While I am not usually crippled by foresight, I knew from an early age I was totally unsuited for military life. Instinctively, I knew that a career path that could put me on board an Enola Gay wasn’t going to work out — I just didn’t have the right stuff. But still, like many of us with testosterone running through our veins, I am compelled to gawk at (among other things out of my reach) military hardware.
I remember from my childhood days, two brothers who did road maintenance and construction in the Chamberlains area, Bill and Joe Dowden. The Dowdens stood out because their work truck was a battered army vehicle. Being romantic by nature, I assumed the Dowdens had just driven back from years of blowing up stuff in Europe during the Second World War, and were now trying to heal themselves and make amends by repairing and resurfacing their hometown.
But one dark day, like Oliver Wendell Homes’s Wonderful One-Hoss Shay (“… there’s nothing that keeps its youth, So far as I know, but a tree and truth”), the Dowdens’ army truck blew apart in the middle of Pig Shit Lane. After years of stellar service, the quiet hulk was ignominiously towed away leaving behind a huge oil stain that persisted for years. Each spring rain brought the oily smell back to life for another summer — a greasy punctuation for the end of an era.
Recently, my head swung around when I saw out of the corner of my eye a six-wheeled military truck pull up at the Paradise Tim Hortons outlet. The two-and-a-half-ton, or, as the gearheads say, “deuce-and-a-half,” is one of three owned by Paradise entrepreneur, Dave Porter. Being older and wiser these days, I didn’t assume Porter just drove back from a war — although bearded, six foot two and 220 lbs., he looks quite at home in the drab olive cab — but the sight of someone rolling up for a double-double in a military six-by-six piqued my curiosity.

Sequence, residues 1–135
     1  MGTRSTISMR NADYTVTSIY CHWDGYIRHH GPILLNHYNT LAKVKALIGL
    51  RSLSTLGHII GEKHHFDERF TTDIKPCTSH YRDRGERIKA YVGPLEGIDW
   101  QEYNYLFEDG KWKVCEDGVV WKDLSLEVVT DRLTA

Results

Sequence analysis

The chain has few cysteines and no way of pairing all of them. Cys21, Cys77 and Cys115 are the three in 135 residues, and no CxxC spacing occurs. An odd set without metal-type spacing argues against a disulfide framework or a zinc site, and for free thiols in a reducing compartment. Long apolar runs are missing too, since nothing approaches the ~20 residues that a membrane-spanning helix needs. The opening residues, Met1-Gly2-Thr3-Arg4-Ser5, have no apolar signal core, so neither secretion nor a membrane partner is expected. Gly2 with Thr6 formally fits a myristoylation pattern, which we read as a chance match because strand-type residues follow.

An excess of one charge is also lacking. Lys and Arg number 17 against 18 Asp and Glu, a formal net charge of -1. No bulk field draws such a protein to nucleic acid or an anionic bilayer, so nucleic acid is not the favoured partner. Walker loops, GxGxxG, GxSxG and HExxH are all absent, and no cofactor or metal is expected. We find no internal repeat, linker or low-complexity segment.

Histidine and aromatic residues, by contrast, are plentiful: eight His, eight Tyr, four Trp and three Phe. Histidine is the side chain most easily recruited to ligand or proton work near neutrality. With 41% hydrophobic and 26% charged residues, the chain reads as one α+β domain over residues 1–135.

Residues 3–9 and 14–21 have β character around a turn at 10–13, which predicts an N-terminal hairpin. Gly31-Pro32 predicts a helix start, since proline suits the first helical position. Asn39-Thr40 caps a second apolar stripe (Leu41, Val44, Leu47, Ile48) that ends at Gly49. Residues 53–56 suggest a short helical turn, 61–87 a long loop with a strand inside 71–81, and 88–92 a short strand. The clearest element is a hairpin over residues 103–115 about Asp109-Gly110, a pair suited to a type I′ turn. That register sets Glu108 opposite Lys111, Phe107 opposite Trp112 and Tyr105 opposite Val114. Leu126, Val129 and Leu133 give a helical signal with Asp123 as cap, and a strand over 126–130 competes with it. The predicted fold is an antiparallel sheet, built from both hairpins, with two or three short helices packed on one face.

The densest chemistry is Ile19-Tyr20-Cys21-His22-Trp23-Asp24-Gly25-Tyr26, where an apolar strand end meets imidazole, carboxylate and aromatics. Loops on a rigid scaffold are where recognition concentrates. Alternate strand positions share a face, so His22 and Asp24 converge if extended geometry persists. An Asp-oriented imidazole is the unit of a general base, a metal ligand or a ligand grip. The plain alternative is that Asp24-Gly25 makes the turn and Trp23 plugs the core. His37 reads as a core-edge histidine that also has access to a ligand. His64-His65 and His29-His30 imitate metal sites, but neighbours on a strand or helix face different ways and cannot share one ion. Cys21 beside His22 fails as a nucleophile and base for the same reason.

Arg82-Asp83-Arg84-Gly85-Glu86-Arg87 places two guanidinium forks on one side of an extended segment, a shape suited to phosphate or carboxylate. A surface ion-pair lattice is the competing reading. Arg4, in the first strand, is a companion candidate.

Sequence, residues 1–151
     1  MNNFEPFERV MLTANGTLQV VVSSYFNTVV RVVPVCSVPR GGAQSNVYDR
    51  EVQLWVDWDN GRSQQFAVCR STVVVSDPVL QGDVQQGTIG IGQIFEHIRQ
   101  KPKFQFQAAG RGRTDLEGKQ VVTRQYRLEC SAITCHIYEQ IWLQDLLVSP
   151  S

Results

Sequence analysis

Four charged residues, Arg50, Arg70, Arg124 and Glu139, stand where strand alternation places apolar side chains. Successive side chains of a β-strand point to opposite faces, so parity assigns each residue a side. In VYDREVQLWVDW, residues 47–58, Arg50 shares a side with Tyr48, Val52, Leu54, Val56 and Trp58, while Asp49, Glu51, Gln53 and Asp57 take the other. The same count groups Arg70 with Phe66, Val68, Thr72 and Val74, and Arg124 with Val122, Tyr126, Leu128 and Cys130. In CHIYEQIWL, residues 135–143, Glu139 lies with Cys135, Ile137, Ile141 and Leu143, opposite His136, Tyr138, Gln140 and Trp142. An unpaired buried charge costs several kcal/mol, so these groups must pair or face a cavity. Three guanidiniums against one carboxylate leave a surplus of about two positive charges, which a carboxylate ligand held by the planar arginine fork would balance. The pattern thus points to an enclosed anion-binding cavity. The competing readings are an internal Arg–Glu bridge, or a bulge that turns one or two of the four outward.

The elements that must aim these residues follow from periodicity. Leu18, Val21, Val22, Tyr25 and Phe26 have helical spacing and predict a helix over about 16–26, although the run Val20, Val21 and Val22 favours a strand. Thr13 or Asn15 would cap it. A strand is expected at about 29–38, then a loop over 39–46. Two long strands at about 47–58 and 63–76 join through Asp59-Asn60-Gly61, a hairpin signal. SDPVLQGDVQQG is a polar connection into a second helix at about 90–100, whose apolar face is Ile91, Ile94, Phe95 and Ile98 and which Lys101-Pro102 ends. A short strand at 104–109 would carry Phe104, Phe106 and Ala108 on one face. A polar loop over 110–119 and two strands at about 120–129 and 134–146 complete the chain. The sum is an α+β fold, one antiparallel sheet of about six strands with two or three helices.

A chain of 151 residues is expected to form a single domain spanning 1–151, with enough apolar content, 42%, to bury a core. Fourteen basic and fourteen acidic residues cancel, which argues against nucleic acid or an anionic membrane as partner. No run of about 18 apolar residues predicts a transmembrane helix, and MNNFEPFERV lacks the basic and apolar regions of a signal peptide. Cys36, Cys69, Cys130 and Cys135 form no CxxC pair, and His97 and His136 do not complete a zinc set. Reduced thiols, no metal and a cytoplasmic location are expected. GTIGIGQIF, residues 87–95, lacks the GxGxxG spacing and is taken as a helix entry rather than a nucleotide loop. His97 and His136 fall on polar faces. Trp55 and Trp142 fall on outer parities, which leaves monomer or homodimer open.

“I always liked those trucks, I remember seeing them as a kid when they first came out,” says Porter, a former drag-racer from Mount Pearl, where he started out building tire-squealing muscle cars in the family garage, much to the chagrin of his father — a policeman. Porter’s truck is a 1982 version of the American M35 design, made in Canada by the legendary builder of snowmobiles, trains and planes — Bombardier. Powered by an 8.2 L Detroit diesel engine coupled to a four-speed Allison automatic transmission and three Rockwell axles, Porter’s green monster, known in Canadian military jargon as MLVW (Medium Logistics Vehicle, Wheeled), weighs about 6,000 kg.
Like the Dowdens, Porter’s army trucks are not museum pieces, they have to work for a living. Porter’s core business is automotive repair, but he’s spun off a towing operation and augmented his two, more conventional tow trucks with the deuces. R & D towing (Rob and Dave) tows and transports all sorts of vehicles and the deuces are invaluable for rescuing off-roaders stuck in the woods.
“(Four-by-four vehicles) can get stuck in the bogs around here so that it’ll take five times what it weighs to get it out of the hole that it’s in,” says Porter, “So, as long as I’m on hard ground with that deuce, it will pull out any pick-up truck, or pieces of it!”